Solo trippers don’t have partners to lean on when things go wrong. To paddle alone you need to be prepared and attentive to every detail, because the consequences of mistakes or accidents are totally different from group tripping. Here are some tips on staying safe when solo canoe tripping in the wilderness.
8 Simple Rules for Solo Canoe Tripping
1 Wear a ditch kit
A ditch kit is a fanny pack of essential safety gear you should wear at all times. It contains everything you need to survive for a few days should you become separated from the rest of your gear. Include items like matches, emergency blanket, compass, fishing hooks and line, pen flare, knife and a personal locator beacon.
2 Tether your canoe
Tether your canoe to shore anytime you step out of it. Tether even if it is up on shore and overturned. If your loaded canoe takes a run on a river with steady current or blows away from an island campsite, you can quickly become a modern day Robinson Crusoe.
3 Bear spray and bangers
The chances of encountering a problem bear in the backcountry are minimal, but without a group to help intimidate the bear, you’ll be glad for backup.
4 Leave a float plan
Before setting out, fill out and distribute a detailed float plan or itinerary. It should include your route, when you expect to be back and the color of your canoe and tent. If you don’t return on time, authorities will have a good idea of who they’re looking for and where to find you. Leave copies with two people you trust and in your car.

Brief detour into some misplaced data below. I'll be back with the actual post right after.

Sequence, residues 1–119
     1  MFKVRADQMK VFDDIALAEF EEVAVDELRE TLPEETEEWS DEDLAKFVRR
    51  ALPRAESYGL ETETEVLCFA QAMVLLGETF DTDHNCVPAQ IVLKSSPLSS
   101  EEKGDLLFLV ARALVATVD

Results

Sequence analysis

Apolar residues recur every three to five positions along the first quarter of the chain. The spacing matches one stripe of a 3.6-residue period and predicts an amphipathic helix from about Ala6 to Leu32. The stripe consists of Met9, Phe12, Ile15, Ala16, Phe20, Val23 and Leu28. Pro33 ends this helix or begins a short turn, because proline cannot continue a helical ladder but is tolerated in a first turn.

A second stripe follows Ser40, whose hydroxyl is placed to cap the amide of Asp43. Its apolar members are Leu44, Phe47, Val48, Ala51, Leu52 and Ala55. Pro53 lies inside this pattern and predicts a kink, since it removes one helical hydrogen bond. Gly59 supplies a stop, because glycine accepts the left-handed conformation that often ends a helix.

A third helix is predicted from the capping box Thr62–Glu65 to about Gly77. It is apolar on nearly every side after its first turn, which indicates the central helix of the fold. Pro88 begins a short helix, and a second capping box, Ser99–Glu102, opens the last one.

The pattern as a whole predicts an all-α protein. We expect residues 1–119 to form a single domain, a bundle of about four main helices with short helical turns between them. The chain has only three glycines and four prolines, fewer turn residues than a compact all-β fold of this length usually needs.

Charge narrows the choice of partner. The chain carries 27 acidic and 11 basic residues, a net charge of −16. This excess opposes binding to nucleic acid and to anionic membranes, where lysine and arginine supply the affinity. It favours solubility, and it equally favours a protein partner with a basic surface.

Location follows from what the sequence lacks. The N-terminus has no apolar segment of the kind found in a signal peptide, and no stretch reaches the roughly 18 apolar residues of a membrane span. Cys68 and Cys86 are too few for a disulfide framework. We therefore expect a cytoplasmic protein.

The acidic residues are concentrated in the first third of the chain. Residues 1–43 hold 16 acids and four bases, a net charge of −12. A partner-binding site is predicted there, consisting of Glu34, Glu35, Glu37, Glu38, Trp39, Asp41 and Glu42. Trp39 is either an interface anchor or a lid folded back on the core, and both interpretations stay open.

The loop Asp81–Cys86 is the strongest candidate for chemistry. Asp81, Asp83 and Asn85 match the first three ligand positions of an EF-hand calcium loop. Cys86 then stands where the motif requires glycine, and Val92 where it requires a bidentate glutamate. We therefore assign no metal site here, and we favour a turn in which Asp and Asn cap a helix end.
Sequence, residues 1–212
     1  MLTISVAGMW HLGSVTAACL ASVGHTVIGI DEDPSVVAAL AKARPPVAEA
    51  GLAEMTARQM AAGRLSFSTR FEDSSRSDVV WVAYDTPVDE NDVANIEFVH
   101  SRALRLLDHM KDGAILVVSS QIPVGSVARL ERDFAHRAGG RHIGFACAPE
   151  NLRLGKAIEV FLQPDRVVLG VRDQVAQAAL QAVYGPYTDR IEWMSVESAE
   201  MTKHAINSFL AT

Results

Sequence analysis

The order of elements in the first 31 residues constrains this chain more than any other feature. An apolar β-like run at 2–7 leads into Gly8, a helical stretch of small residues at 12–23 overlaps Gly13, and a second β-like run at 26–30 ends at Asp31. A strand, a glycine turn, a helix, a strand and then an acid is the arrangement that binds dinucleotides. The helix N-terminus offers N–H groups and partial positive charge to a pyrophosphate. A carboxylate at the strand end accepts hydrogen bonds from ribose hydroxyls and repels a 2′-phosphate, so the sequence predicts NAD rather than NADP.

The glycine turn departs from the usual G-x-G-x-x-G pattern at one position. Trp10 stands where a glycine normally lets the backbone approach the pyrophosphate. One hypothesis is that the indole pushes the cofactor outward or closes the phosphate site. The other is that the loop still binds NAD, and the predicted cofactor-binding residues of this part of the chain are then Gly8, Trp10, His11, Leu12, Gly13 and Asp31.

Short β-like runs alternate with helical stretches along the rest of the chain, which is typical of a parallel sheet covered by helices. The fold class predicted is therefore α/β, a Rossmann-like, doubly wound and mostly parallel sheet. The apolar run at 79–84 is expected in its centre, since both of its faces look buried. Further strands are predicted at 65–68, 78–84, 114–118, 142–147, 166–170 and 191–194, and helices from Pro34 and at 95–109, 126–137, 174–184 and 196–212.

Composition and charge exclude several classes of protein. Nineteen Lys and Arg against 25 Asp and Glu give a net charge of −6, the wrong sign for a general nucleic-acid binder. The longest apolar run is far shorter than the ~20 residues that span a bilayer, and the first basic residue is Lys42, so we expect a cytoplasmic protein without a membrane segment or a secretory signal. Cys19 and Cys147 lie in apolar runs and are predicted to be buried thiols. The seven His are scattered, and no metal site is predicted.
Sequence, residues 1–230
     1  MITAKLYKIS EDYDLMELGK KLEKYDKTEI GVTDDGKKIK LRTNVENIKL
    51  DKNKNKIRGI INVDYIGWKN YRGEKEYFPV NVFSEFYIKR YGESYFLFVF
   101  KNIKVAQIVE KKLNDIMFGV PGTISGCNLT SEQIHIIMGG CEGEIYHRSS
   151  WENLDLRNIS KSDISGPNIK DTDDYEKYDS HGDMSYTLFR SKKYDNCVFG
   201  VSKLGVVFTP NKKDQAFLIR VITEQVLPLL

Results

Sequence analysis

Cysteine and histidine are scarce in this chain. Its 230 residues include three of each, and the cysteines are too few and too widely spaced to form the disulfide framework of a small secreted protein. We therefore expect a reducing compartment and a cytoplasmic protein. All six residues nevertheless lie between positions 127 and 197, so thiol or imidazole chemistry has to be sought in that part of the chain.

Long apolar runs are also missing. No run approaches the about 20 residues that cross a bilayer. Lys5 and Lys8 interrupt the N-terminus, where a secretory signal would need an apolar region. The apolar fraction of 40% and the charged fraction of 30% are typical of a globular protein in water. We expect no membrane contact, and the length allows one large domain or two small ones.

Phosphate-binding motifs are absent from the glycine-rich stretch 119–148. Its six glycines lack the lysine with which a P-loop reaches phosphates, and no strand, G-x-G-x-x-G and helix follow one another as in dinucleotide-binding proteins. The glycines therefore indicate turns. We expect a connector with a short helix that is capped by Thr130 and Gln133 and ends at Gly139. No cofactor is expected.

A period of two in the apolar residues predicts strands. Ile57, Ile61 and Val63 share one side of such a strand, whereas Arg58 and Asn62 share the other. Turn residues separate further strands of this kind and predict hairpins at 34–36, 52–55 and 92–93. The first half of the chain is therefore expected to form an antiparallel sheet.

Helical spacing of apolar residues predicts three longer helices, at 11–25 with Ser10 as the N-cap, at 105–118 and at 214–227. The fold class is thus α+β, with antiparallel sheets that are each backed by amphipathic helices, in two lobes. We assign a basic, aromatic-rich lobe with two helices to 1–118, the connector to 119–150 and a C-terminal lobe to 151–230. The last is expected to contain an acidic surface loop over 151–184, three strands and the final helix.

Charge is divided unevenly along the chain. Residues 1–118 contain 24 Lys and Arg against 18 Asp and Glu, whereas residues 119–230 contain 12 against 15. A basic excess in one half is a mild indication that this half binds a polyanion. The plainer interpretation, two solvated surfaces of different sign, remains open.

5 Know when to walk
With nobody coming to rescue you or your gear if you dump, evaluate rapids conservatively. It shouldn’t be too hard to check your ego and hit the trail. After all, no one’s watching.
6 Pack a satellite communicator
This could be your only ticket home if you become immobile when alone.
7 Don’t forget to eat
Stay well nourished to stay strong and in a good frame of mind. A group shares the workload, but alone you’re battling headwinds yourself, carrying all the gear, doing all the cooking, all the cleaning and all the packing. Plan on eating 25 percent more food, and even more if traveling early or late in the year.
8 Heebie jeebies
Waking up with your heart pounding each time a mouse slowly circles your tent is no way to stay well rested. Steel yourself for the amplifying effects of solitude by paying attention to nocturnal sounds when camping with the security of a tentmate. Be mindful of how many noises there are at night, so you won’t be too surprised by your heightened perception when you are, you hope, the only human for miles.
This article originally appeared in Paddling Magazine Issue 65. Subscribe to Paddling Magazine’s print and digital editions here, or download the Paddling Magazine app and browse the digital archives here.
Tripping alone raises the stakes, so here’s how to hedge your bets. | Feature photo: Paul Epp